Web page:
By Toshiyuki Ito, a professor at the Kanazawa Institute of Technology Toranomon Graduate School
The problem with the short-range ballistic missiles that North Korea has launched recently is not their performance but the fact that they are all new models. The missiles’ current level of performance does not pose a direct threat to Japan. Judging from their short flight distance, the missiles were developed to target South Korea. Also, the missiles are not capable of carrying a 1 ton nuclear warhead. This is why the U.S. has not strongly denounced the DPRK’s missile launches even though Washington demands that North Korea be denuclearized.
Missile experts, however, did not think that North Korea had developed a “quasi-Iskander” missile and so were surprised. The fact that the DPRK’s missile development technology is becoming more sophisticated indicates the country will likely be able to develop a new missile in the future that can reach Japan. The current level of Japan’s air defense posture may not be able to intercept such a missile.
It is highly unlikely that North Korea will wage war and fire missiles at Japan. It is an unfortunate fact, however, that the Sea of Japan is a test field for North Korea’s missile launches. When the range of the DPRK’s new missile is increased, the country will fire missiles toward the Sea of Japan or toward the Pacific Ocean by passing over Japan and they may land on Japanese territory by accident.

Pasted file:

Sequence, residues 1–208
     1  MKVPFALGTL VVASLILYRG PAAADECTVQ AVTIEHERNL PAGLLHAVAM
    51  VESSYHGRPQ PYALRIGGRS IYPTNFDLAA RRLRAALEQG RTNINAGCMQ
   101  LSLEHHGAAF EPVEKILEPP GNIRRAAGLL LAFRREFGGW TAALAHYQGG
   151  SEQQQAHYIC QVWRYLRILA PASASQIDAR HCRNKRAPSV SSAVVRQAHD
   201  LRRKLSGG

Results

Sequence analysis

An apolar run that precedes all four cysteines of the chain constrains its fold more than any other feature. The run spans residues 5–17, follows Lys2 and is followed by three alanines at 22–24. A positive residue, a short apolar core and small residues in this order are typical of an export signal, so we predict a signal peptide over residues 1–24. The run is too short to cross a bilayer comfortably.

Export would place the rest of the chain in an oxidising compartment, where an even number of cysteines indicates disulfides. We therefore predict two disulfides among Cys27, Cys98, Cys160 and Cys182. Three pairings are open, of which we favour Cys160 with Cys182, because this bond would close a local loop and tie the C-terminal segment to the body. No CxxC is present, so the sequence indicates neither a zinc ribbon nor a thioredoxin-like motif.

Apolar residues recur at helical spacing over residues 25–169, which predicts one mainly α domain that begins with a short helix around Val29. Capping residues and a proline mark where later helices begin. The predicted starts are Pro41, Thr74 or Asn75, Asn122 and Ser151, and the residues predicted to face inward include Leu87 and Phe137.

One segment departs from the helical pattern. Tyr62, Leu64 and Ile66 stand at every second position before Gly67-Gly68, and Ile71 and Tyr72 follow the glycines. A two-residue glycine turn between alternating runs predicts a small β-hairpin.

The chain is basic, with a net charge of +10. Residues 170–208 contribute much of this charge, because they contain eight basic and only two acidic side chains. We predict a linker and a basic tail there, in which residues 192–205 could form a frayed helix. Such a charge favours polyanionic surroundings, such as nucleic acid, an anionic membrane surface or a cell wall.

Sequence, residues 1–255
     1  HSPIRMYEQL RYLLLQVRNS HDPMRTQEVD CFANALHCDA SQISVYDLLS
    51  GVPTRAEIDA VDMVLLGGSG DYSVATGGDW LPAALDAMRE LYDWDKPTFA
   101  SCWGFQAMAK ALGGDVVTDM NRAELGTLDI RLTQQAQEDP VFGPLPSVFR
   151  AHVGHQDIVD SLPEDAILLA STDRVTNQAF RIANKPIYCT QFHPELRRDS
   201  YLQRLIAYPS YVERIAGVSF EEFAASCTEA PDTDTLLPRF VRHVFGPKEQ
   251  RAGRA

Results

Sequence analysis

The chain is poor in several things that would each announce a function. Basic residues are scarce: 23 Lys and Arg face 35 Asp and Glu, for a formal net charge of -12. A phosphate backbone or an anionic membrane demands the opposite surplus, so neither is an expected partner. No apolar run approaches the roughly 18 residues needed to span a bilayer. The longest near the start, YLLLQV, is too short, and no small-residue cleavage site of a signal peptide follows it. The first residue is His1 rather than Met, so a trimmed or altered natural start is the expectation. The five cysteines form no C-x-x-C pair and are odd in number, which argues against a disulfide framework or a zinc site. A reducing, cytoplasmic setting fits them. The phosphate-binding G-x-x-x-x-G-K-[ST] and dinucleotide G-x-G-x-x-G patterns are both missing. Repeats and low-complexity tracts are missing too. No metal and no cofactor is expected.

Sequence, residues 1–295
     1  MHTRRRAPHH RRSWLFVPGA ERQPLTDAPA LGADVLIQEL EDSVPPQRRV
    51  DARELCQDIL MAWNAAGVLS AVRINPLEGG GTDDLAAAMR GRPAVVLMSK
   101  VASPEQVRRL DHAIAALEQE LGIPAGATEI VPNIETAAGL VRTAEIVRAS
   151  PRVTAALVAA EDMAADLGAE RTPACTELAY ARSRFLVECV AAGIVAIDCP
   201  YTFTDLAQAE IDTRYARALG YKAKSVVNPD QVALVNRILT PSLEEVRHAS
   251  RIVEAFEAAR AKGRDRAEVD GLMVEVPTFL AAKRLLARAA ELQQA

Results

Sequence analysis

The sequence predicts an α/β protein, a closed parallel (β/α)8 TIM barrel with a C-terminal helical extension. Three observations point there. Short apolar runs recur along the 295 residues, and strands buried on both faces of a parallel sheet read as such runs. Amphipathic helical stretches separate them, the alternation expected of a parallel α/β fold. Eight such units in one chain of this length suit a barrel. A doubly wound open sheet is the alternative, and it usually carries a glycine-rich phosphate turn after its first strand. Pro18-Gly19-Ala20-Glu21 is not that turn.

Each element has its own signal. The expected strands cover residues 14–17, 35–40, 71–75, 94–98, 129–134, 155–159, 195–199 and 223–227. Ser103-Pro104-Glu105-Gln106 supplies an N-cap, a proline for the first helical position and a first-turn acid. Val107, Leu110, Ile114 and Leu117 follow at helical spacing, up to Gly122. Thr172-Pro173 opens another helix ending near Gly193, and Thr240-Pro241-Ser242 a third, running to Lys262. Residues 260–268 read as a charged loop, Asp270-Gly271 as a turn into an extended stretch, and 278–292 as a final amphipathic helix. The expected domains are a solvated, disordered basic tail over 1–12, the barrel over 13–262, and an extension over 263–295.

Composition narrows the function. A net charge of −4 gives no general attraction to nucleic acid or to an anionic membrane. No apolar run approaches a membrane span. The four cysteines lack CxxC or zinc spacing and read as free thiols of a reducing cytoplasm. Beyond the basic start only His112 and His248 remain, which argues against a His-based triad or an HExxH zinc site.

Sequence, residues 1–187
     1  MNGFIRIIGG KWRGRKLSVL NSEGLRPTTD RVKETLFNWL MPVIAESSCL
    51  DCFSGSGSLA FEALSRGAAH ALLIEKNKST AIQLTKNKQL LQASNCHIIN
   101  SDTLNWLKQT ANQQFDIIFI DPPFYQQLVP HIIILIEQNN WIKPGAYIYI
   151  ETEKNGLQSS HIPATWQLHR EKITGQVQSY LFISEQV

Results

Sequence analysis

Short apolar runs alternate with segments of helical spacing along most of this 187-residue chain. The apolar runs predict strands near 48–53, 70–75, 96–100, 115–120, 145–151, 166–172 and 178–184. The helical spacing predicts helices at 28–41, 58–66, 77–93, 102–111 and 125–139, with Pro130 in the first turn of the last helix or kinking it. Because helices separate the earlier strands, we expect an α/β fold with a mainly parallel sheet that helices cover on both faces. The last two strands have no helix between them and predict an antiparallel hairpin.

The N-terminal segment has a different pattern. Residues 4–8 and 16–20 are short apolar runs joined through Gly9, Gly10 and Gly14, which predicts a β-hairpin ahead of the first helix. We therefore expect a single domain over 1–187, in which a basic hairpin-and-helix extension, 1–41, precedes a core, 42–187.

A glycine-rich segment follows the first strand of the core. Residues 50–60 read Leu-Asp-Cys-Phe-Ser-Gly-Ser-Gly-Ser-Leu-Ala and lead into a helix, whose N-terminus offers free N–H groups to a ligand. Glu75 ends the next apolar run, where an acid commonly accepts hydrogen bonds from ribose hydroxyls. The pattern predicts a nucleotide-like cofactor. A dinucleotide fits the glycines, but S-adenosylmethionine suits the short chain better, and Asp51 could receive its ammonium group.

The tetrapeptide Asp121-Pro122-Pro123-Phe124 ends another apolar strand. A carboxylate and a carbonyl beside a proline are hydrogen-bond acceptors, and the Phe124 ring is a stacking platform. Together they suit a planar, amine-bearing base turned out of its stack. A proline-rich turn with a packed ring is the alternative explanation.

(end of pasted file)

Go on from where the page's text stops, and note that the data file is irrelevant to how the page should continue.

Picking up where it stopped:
In this sense, Pyongyang’s missiles pose a threat to Tokyo, and Japan needs to strengthen its missile interceptor system to defend itself. The Defense Ministry apparently released information on North Korea’s new missiles to warn that the DPRK’s new missiles are indeed related to Japan’s security.
The government plans to deploy the ground-based missile interceptor system “Aegis Ashore” in Japan. Some experts criticize the deployment as meaningless because Aegis Ashore is incapable of intercepting North Korea’s new missiles. Such criticism is misguided. The U.S. is working on interceptor technology capable of shooting down these new missiles as well. When Japan introduces Aegis Ashore (slated for fiscal 2023), the system will have a more advanced interceptor capability than it does today.